This is the story of Lala, the teenaged daughter of a rich Buenos Aires judge, and her lover Ailin, a maid in her family’s house. The pair plans to to run away together to Ailin’s family home in Paraguay near Lago Ypoa, but when Lala’s father is murdered under mysterious circumstances, Ailin takes the blame to protect her lover. What will happen to them now? Can they escape the law and live out their dreams?
The Fish Child is a magnificent movie, and the above summary really doesn’t do it justice. The synopsis says “[Director Lucía] Puenzo makes a conscious decision not to make the clandestine lesbian love story the central dilemma. Any stigma attached to the Lalaâ€™s sexual orientation is secondary to the obstacles imposed by Argentinaâ€™s sharp class divide.” And it’s true: nobody’s really shocked at the girls’ relationship, but Ailin has had to endure emotional and sexual abuse from Lala’s father, her own father, the police commissioner, not to mention being a poor member of a racial minority.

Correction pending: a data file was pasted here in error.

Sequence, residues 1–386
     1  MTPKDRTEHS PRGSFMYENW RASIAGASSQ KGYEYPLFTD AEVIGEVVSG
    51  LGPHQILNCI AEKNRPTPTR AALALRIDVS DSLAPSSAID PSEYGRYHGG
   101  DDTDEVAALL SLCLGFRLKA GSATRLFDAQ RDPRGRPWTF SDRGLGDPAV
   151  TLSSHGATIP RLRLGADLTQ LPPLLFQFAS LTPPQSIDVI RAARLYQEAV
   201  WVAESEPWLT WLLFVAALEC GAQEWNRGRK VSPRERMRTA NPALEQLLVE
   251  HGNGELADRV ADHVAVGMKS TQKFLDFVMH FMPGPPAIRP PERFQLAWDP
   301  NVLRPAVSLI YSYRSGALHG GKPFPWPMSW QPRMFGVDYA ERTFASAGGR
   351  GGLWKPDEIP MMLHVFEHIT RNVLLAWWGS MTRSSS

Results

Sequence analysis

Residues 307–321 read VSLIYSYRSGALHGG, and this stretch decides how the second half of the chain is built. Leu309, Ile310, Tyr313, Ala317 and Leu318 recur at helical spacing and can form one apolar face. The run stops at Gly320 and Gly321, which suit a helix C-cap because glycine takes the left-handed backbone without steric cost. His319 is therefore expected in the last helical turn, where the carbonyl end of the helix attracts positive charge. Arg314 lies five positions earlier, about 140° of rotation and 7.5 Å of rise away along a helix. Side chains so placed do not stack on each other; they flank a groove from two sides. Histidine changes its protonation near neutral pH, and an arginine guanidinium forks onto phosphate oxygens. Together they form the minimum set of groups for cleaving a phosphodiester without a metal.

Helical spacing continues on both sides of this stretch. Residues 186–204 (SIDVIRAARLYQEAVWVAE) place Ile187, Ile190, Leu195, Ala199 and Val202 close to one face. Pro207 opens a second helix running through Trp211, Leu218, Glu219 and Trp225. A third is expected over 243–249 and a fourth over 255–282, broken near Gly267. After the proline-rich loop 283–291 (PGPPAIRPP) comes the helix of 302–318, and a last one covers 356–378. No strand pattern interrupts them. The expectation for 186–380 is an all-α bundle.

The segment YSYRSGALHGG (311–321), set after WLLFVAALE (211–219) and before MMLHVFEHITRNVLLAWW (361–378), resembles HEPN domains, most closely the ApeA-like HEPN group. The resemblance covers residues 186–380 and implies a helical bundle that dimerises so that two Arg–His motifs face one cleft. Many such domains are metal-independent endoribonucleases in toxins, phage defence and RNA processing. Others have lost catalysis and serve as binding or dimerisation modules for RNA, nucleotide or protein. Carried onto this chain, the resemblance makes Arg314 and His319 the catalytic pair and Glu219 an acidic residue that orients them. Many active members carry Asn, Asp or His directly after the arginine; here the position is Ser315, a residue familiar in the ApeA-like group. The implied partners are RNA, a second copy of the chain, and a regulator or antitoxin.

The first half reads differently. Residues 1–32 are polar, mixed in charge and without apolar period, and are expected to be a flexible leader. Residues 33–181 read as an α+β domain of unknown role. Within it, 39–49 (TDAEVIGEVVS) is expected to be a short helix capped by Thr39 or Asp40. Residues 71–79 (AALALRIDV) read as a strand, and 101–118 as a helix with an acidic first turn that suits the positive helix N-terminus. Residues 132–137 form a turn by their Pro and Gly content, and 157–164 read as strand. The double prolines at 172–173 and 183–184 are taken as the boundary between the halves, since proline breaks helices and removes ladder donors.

But the movie also speaks of the power of love and dreams to take us through those trials. Lala’s plans to escape with Ailin and build a little house by Lake Ypao may seem naive, but after they’re on the run it’s all they have. Maybe that’s enough; the movie leaves that an open question, and that’s okay.
This hasn’t been an easy review to write. A lot of scenes are pretty dark and disturbing, and the exact timeline of events was a bit hard to follow at first. The movie uses flashbacks a lot, and drops the viewers right in the middle of the story. Plus, this is a movie with layers, a lot of which I’m sure I haven’t gotten right now, but which will become clear on a second viewing.